By Miriam H Morrill Consulting and Illustration
Working to Enhance Fire Communication, Education, and Adaptation Efforts Through Collaborative and Creative Approaches
Empowered by my education in environmental biology and zoology and 27 years of experience in forestry, fire, wildlife, climate change, and communication programs in the western United States. Inspired by the amazing people and programs that I've supported on local, national and international projects around the country and in Australia, Micronesia, the Republic of Palau, and Jamaica. Weaving my creative thinking and skills into partnerships, programs, and projects to provide innovative solutions for fire education and adaptation efforts. My strongest interest is on place-based and nature journaling approaches.
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What is Nature Journaling?
Nature journaling is a practice
that can enhance observation skills, analysis, and engagement with elements of nature and...the fire environment.
Nature journaling is an ongoing personal record of thoughts, experiences, observations and information. Through these practices, we can enhance memory retention, situational awareness and information relevance of the fire environment.
Nature journaling practices include different information languages such as words, numbers, and pictures, which helps engage different parts of the brain.
Nature journaling is also used to create a more full-brained and full-bodied learning experience by engaging senses and inspiring intentional curiosity that helps build a sense of place...and an ecosystem sense of place-- a sense of the fire environment.
Learn more about nature journaling practices, networks, and materials from John Muir Laws at https://johnmuirlaws.com and The Nature Journal Club Facebook page.
Let me help guide you in applying nature journaling practices to learn about the fire environment and to build an ecological sense of place and fire.
Enhancing Fire Awareness
& A Sense of Place
Fire is a natural and needed part of many plant communities and ecosystems. Observing and journaling about the environmental and human conditions that increase and decrease in fire readiness and risk can enhance fire awareness and build a stronger more resilient sense of place.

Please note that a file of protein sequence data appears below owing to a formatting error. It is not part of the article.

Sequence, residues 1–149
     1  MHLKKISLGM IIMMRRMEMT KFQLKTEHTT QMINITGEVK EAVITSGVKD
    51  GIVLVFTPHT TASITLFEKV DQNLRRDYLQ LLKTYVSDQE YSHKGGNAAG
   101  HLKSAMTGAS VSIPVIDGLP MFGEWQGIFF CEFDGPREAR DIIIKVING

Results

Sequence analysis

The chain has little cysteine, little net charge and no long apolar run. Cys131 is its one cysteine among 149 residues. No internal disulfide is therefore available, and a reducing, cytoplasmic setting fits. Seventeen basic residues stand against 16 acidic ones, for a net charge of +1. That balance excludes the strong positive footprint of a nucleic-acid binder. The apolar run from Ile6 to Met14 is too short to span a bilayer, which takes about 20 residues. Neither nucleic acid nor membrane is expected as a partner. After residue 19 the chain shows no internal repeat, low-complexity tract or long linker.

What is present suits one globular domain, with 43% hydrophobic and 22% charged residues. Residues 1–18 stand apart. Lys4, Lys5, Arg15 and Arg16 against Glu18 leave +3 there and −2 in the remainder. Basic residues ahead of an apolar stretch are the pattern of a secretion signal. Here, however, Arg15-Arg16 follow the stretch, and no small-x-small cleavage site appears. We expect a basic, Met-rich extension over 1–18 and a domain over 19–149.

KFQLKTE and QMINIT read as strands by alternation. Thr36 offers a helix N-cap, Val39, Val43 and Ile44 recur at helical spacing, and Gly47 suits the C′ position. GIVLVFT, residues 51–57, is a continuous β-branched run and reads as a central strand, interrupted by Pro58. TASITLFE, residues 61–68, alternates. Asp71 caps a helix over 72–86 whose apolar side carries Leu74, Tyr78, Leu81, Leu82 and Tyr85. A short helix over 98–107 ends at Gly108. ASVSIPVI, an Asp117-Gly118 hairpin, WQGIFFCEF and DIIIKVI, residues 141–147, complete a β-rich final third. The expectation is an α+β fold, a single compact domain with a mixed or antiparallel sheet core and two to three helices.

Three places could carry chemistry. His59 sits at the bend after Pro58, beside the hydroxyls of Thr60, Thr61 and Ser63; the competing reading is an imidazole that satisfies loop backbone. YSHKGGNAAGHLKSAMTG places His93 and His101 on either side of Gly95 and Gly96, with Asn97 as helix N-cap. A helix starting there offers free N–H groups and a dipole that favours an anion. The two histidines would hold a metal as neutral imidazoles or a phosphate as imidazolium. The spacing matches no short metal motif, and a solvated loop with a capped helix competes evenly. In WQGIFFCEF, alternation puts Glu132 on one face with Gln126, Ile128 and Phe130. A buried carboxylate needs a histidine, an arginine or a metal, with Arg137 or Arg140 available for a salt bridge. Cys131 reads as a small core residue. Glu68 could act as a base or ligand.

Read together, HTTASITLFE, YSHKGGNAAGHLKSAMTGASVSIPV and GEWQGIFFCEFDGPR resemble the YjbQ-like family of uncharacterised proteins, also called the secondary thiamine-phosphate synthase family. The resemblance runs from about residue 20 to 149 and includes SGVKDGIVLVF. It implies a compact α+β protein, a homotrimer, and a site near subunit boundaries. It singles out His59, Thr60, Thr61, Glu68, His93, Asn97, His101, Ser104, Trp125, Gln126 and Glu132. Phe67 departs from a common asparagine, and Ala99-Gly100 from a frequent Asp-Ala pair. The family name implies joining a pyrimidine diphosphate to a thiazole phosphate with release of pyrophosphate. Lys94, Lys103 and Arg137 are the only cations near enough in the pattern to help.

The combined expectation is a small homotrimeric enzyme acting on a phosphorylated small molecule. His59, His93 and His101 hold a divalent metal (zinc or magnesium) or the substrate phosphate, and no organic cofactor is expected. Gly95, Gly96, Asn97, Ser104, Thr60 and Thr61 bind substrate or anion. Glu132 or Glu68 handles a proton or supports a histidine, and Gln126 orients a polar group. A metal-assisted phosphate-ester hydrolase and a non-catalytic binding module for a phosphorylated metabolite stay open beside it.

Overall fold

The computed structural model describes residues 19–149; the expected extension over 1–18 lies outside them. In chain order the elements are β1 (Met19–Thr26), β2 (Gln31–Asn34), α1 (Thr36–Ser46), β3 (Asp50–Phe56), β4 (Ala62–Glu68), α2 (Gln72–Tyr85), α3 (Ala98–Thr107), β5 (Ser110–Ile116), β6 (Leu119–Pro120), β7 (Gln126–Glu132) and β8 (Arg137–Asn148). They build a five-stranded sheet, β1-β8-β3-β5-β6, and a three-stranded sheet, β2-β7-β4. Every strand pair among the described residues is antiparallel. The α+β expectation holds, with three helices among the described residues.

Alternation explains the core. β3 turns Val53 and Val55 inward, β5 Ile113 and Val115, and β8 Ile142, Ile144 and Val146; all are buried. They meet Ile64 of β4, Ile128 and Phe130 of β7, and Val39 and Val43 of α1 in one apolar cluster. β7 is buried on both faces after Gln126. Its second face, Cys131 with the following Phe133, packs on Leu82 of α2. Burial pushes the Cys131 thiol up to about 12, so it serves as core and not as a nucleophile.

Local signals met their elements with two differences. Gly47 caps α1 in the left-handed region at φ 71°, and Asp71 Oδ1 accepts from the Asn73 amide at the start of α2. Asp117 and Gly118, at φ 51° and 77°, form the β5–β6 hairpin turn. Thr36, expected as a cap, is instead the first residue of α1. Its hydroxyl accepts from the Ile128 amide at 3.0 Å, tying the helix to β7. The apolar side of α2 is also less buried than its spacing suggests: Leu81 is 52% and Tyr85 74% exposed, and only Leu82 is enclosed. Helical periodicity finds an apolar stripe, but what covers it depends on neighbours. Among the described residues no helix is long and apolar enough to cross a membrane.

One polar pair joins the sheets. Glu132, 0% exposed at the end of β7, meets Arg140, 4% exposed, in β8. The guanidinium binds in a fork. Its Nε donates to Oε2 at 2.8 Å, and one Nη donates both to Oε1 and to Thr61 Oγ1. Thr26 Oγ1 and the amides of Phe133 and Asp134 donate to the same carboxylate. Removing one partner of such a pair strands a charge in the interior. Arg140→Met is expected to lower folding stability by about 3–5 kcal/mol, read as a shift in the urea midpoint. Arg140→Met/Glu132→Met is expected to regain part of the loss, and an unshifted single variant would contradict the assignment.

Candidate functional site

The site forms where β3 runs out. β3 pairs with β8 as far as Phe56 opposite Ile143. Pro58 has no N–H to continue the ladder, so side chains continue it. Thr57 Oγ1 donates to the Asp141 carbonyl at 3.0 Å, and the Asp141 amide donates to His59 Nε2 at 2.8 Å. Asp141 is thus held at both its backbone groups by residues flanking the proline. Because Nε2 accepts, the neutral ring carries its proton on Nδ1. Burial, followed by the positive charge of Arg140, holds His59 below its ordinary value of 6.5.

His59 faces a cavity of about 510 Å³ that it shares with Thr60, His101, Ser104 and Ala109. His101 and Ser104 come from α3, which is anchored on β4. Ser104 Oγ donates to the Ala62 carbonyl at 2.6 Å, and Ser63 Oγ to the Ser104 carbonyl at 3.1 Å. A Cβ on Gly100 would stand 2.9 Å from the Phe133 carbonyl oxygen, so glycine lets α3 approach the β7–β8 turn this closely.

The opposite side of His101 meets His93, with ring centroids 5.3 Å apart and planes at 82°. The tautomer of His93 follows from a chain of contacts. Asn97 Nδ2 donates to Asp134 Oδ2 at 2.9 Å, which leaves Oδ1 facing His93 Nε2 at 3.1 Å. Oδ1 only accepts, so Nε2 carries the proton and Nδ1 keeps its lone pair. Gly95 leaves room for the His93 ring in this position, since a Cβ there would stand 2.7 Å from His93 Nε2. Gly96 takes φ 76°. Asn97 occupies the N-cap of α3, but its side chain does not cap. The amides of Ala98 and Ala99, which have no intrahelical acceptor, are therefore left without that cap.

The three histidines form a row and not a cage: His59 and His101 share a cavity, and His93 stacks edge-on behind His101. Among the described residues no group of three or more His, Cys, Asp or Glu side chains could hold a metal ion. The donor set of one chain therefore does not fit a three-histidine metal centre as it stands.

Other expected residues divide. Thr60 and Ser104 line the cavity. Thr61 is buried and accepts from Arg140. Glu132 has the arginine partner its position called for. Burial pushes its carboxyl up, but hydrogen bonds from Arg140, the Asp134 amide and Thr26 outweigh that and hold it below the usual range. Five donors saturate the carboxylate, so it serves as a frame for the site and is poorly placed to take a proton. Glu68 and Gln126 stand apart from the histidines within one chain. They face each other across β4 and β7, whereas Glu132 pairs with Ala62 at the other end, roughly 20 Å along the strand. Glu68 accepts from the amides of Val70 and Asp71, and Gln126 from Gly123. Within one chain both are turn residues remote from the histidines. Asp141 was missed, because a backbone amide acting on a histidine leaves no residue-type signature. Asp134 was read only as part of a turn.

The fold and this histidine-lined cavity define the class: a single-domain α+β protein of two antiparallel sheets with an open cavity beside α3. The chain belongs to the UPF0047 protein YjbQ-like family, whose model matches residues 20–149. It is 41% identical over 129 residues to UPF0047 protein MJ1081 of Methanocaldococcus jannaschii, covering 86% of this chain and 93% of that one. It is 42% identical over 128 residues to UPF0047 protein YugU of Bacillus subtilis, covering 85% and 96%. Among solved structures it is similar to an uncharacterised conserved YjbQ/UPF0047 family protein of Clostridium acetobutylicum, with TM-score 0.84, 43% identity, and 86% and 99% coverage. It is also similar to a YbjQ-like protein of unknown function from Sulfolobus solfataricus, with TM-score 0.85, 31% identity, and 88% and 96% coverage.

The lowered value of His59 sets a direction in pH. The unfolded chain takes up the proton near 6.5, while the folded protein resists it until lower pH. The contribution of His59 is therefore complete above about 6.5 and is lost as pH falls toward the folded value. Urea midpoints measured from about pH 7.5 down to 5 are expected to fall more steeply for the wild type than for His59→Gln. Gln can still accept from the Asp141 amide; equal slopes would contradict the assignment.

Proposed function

Gaining Insight Into Fire Behavior,
Form & Functions
Fire is an exothermic process that could not exist but for elements and conditions within the environment. Observing and journaling about wildfire "at-a-distance" and prescribed burning is an optimal way to gain insight and understanding of how fire functions in the environment.
Recovery & Resilience
Fire effects to the environment and people can be observed and assessed through journaling practices. The process of recognizing, understanding and monitoring the personal, community and environmental transitions and growth can help build resilience and recognition of the cycles of renewal and recovery.
Cutting Through Complicated Information, Training & Technology With Creative Tools
The various experts working in prescribed and wildland fire can benefit from various types of journaling practices. From graphing risk decisions, diagraming fire behavior, mapping fire pattern indicators or sketching fire effects, these skills and learning tools are powerful at cutting through complicated information and creating meaning.
I was commissioned by Robert Gray and The Fire Writers to create a series of historic and contemporary landscapes showing fire conditions and activities. This is one design combination.
News about my fire journaling
News and blogs about Pyrsoketchology Projects and Partnerships
Fire Adapted Communities Network
A Few Fire Journaling Friends
A landmark experience in the Klamath Mountains, with ten nature journalers sketching and learning about prescribed/cultural burning as part of the Klamath Prescribed Fire Training Exchange (TREX) program. The training was developed by Miriam Morrill, Robin Lee Carlson and the The Nature Conservancy (TNC), and sponsored and hosted by TNC, the Bureau of Land Management, Karuk Tribe, and Mid Klamath Watershed Council. Contact Miriam Morrill for more information on project coordination and lessons learned package.
Click on the Contact link to see a story about this project.
Author of Nature Drawing and Journaling Nature and How to Teach Nature Journaling. A principal leader and innovator of the worldwide nature journaling movement. He is a naturalist, artist, and educator who has dedicated his work to connect people to nature through art and science. As both a scientist and artist, Laws has developed interdisciplinary programs that train students to observe with rigor and to refine techniques to become intentionally curious. He participated and led sessions in the Klamath TREX Nature Journaling Prescribed Fire workshop and continues to support fire journaling programs and projects.